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After ObamaAfrican American Politics in a Post-Obama Era$
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Todd Shaw, Robert A. Brown, and Joseph P. McCormick

Print publication date: 2021

Print ISBN-13: 9781479807277

Published to NYU Press Scholarship Online: September 2021

DOI: 10.18574/nyu/9781479807277.001.0001

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Invitations to the Dance

Invitations to the Dance

The Obama Administration’s Complex Engagement with Black Elected Officials and Advocacy Groups

(p.72) 2 Invitations to the Dance
After Obama

Tyson D. King-Meadows

NYU Press

In this chapter, I argue that the impact of the Obama presidency is best gauged not by examining shortfalls in Obama’s overt advocacy for race conscious policies but, rather, by examining what Obama did to assert that Black representatives should be more concerned about the enactment of legislation that advances Black progress than about credit claiming via overt advocacy. To illustrate, I examine select public speeches by Obama, White House documents, and press accounts to outline the Obama administration’s engagement with the Congressional Black Caucus and other elites over Black unemployment. Subsequent political clashes showcased Black dismay that a Black executive had not delivered tangible race-specific benefits, White fear that a Black president would practice racial favoritism, and an intergovernmental struggle between the executive and legislative branches over who should control employment policy. These clashes best illustrate how the “inclusionary dilemma” required Obama to utilize a complex engagement strategy with Black Americans to navigate Black dismay about job creation and to outline his socio-cultural-economic policy agenda. In the conclusion, I discuss how Obama used his final days in office to prepare the Obama coalition for the Trump presidency and to warn Black voters and Black elites about privileging style over substance.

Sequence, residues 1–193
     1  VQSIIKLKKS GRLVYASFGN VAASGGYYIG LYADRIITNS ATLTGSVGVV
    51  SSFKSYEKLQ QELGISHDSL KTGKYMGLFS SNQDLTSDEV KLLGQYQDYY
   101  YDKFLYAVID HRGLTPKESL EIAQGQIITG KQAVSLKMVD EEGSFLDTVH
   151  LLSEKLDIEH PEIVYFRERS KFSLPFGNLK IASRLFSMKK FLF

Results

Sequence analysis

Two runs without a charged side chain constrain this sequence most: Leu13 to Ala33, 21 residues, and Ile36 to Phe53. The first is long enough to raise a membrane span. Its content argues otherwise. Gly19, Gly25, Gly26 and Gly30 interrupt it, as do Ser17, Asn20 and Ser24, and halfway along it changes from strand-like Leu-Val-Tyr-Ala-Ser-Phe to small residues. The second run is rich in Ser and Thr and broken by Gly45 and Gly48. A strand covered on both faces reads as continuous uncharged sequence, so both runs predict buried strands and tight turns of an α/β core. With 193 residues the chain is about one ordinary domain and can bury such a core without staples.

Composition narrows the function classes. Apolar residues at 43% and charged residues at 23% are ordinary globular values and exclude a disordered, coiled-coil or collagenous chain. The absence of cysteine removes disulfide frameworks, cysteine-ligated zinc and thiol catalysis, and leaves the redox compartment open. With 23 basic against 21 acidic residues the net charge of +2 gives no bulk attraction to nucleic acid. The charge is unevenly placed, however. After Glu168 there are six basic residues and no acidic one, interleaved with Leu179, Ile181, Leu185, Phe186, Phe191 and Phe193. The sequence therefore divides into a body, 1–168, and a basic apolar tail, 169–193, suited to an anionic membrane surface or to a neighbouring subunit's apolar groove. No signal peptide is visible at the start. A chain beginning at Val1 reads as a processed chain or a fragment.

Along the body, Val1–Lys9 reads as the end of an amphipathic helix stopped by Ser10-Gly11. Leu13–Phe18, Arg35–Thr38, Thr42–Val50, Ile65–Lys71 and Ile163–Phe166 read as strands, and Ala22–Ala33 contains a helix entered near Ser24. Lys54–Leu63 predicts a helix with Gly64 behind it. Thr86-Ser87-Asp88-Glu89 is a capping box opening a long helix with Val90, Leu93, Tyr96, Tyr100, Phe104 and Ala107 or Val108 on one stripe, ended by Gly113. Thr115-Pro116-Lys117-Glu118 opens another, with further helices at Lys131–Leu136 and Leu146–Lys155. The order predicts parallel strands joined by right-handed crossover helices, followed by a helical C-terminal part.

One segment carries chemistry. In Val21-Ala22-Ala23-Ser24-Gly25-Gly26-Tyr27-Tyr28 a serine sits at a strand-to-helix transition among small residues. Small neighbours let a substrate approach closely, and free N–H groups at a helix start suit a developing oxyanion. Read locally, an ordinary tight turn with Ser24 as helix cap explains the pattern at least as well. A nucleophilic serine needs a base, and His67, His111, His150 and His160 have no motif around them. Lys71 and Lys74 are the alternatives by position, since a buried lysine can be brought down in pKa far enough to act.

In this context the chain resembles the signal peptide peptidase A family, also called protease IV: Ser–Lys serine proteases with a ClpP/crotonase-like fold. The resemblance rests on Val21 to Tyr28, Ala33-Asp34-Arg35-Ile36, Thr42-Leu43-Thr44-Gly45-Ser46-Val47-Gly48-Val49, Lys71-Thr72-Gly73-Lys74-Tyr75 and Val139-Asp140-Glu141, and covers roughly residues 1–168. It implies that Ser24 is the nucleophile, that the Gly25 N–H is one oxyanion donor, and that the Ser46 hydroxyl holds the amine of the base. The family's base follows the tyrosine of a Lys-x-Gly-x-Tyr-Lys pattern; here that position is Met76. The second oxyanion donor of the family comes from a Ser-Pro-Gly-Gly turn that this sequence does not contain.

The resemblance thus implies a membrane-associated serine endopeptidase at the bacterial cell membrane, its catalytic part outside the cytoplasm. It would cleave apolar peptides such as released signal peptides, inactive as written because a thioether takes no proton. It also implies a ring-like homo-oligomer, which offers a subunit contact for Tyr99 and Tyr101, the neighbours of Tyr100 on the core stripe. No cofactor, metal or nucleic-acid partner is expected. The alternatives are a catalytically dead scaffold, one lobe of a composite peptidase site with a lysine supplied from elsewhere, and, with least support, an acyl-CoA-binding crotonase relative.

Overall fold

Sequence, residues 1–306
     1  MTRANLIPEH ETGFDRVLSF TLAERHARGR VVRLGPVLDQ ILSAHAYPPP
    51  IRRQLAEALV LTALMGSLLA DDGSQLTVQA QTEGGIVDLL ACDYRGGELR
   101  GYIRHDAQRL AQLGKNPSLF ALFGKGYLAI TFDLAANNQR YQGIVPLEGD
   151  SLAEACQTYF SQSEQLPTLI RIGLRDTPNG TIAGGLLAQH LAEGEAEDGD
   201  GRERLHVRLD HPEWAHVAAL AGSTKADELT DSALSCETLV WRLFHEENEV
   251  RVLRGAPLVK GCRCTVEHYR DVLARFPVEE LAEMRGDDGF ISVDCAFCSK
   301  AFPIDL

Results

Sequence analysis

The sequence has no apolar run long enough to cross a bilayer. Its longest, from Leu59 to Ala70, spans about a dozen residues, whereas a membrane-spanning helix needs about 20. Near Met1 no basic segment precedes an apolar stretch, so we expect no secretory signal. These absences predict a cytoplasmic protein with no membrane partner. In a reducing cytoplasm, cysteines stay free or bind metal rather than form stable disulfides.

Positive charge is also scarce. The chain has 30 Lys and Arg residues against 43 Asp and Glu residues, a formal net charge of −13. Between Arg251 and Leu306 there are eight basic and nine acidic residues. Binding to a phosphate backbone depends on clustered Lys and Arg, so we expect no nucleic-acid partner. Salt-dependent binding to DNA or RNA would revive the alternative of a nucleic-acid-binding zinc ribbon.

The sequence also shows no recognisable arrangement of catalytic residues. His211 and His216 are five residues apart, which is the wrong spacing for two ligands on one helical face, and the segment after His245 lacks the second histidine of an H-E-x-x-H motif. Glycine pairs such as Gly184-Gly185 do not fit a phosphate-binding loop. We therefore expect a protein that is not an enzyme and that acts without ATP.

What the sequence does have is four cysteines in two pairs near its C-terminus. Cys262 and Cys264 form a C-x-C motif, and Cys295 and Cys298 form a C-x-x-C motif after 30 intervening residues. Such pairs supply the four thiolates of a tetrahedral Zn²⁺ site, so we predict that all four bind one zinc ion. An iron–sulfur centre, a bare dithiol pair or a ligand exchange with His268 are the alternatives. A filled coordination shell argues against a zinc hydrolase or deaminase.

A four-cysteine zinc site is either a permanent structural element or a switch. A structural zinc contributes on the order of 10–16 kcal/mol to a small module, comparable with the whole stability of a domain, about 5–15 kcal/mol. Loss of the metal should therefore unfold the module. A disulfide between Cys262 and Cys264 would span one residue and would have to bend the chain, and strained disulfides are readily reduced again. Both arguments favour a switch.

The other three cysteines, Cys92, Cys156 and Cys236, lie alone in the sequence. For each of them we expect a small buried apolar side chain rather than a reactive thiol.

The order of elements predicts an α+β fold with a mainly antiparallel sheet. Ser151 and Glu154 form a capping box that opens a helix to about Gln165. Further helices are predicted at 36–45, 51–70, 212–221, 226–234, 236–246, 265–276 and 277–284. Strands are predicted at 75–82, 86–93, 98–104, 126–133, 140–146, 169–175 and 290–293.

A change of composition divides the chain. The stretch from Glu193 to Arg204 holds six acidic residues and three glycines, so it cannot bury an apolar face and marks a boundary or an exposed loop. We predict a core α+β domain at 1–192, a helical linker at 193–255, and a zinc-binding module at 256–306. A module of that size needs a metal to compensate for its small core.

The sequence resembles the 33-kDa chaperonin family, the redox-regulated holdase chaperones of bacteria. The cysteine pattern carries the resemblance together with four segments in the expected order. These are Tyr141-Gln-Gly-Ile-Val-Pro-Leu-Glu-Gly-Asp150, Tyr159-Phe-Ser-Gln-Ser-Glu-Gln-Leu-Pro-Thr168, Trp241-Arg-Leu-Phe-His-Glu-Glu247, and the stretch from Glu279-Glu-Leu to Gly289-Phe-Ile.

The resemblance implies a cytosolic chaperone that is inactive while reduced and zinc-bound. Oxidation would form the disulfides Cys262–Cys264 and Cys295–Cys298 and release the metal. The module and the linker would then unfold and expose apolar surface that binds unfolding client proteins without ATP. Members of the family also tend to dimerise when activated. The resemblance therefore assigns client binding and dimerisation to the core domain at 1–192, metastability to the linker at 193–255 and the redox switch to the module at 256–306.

Keywords:   Obama administration, Congressional Black Caucus, job creation, Black elected official, representation

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